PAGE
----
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Recruitment to randomised studies

Wendy E Hague, Val J Gebski and Anthony C Keech
Med J Aust 2003; 178 (11): 579-581.
Published online: 2 June 2003

Maintaining adequate and consistent accrual of patients is important for small clinical trials and crucial to large multicentre, multinational clinical trials, in which participants often number in the thousands. Trial recruitment that is slower than expected can result in prolonged trial durations, increased costs, uneven workload, and morale problems, both for trial participants and trialists.1 Furthermore, when recruitment is so poor that it needs to be curtailed before the trial's target sample size is reached, study power is reduced and there may be a need to revise study endpoints.2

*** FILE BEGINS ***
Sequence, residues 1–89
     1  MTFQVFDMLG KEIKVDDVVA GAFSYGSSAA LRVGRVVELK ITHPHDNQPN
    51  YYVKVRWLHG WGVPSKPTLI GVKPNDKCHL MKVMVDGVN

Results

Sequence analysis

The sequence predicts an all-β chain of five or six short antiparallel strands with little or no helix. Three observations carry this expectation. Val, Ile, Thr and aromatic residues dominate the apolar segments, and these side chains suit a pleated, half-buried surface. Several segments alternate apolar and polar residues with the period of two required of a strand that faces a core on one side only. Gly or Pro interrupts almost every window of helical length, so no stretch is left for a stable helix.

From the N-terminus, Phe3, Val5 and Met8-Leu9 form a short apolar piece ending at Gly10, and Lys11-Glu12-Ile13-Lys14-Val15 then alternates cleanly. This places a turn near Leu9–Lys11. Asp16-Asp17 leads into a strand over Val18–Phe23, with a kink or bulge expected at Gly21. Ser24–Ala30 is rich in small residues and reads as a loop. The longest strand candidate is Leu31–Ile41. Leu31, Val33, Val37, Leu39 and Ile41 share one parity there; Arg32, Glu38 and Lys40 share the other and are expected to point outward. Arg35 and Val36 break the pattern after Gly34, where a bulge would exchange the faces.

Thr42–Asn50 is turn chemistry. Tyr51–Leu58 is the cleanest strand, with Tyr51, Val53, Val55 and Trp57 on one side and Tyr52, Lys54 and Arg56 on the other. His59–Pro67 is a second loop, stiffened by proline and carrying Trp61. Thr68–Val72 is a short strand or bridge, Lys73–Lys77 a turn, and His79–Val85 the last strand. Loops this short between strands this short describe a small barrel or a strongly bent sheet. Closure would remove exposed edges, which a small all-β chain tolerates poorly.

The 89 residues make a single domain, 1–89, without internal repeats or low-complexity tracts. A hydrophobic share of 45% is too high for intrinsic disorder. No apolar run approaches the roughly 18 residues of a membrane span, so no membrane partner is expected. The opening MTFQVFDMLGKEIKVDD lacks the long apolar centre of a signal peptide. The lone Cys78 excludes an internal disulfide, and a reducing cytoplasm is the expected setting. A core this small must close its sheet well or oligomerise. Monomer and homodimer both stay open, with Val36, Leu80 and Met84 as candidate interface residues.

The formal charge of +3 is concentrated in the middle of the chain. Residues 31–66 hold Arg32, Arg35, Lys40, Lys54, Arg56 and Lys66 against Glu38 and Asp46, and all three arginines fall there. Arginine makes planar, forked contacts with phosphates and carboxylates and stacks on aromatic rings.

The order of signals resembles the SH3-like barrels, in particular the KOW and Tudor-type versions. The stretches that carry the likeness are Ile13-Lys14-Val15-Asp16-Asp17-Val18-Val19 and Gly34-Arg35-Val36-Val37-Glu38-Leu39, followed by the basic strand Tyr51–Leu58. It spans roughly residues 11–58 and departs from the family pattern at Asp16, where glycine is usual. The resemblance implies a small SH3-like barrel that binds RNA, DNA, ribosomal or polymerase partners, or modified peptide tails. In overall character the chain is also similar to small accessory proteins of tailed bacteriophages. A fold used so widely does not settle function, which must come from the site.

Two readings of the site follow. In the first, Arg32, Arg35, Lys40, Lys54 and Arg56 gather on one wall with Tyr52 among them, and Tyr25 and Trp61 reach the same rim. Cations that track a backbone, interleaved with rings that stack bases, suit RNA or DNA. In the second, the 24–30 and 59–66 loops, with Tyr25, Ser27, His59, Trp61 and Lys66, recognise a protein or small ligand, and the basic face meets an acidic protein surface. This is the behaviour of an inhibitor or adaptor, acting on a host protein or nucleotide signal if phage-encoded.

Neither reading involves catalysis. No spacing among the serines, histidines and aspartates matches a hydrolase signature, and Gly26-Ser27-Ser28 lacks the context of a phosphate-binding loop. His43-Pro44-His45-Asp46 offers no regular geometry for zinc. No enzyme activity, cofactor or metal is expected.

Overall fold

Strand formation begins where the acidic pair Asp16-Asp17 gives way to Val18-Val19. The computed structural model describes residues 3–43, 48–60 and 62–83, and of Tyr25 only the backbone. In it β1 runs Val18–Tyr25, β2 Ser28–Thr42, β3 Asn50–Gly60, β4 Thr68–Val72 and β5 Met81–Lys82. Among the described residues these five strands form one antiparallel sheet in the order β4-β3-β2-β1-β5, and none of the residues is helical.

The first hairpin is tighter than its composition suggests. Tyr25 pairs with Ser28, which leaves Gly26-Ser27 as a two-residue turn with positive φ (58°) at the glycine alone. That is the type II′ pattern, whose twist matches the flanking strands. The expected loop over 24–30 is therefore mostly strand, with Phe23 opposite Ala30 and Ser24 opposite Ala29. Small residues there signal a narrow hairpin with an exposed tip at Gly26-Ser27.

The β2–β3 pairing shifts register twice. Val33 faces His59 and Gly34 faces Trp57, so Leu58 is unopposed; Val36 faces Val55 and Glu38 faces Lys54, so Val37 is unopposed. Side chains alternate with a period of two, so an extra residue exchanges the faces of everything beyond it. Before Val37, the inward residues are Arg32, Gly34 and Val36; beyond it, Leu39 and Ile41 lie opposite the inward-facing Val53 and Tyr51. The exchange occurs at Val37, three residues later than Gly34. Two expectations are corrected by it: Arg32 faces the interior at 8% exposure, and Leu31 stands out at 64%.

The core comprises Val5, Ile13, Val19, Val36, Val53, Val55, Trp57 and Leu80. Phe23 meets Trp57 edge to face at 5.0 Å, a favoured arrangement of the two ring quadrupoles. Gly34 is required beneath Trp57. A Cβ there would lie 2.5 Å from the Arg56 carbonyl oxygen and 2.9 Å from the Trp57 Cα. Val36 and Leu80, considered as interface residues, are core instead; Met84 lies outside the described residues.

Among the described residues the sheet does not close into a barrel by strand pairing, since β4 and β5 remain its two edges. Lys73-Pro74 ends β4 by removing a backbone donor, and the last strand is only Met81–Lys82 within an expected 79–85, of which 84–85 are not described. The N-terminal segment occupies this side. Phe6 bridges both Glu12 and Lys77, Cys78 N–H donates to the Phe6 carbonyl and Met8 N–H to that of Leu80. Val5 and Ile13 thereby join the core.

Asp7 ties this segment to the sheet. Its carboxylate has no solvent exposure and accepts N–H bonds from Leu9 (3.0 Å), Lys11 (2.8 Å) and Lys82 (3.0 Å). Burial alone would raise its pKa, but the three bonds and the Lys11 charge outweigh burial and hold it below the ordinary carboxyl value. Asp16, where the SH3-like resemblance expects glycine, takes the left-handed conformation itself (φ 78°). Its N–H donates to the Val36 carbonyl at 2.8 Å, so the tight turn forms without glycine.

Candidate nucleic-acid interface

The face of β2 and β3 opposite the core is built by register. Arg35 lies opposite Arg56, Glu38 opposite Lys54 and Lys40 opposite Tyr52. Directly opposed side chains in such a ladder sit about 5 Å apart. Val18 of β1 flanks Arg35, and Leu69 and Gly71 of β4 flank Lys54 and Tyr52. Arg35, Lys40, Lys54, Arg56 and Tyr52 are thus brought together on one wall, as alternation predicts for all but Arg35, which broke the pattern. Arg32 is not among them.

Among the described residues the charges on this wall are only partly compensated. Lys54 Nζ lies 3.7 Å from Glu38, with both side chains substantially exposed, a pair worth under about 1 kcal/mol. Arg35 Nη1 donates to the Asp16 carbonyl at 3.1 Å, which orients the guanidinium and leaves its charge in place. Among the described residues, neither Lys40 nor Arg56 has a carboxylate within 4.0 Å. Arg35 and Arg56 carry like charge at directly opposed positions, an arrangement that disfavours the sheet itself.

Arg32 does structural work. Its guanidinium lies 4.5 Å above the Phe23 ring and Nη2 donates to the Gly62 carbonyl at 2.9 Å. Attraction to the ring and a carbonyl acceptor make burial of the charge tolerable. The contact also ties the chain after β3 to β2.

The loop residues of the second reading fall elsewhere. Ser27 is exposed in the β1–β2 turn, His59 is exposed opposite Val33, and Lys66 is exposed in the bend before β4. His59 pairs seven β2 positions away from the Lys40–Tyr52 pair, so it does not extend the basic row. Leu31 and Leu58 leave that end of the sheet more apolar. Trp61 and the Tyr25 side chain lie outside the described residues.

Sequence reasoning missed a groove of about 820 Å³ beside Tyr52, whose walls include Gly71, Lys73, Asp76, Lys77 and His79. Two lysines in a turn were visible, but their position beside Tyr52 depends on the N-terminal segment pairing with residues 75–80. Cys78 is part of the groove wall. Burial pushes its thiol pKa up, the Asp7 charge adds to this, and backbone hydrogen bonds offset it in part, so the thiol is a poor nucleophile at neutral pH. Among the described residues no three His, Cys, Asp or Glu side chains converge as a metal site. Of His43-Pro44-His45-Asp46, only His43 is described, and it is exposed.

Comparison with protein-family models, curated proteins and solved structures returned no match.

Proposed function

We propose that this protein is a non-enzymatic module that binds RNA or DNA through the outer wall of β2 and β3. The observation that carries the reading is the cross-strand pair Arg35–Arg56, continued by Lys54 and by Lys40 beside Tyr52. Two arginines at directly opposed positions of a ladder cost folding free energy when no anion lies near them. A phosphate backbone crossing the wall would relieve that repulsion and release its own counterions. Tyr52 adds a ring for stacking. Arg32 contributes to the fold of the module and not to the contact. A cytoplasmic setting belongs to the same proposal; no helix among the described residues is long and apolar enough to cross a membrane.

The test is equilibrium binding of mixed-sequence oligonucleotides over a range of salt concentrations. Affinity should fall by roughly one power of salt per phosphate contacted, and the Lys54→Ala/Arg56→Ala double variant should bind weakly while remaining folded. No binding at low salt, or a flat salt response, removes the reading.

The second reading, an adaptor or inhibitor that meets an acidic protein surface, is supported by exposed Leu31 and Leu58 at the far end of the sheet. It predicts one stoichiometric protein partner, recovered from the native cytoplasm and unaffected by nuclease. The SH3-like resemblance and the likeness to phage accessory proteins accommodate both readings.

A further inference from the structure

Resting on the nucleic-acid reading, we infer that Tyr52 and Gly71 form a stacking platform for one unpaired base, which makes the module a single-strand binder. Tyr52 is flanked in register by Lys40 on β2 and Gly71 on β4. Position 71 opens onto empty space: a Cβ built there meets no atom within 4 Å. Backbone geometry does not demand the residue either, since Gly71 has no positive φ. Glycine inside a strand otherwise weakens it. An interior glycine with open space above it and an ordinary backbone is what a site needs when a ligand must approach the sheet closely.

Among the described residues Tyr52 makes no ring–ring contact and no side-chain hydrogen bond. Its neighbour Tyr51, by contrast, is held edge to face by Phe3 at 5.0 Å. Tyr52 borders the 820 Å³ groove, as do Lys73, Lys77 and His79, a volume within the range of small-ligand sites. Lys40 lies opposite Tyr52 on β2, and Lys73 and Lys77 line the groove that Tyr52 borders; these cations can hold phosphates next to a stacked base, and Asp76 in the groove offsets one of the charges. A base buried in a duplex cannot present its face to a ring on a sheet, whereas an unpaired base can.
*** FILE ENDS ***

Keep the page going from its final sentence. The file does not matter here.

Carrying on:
• Wendy E Hague1
  • Val J Gebski2
  • Anthony C Keech3

  • NHMRC Clinical Trials Centre, University of Sydney, Camperdown, NSW.

Correspondence: enquiry@ctc.usyd.edu.au

Competing interests:

None identified.

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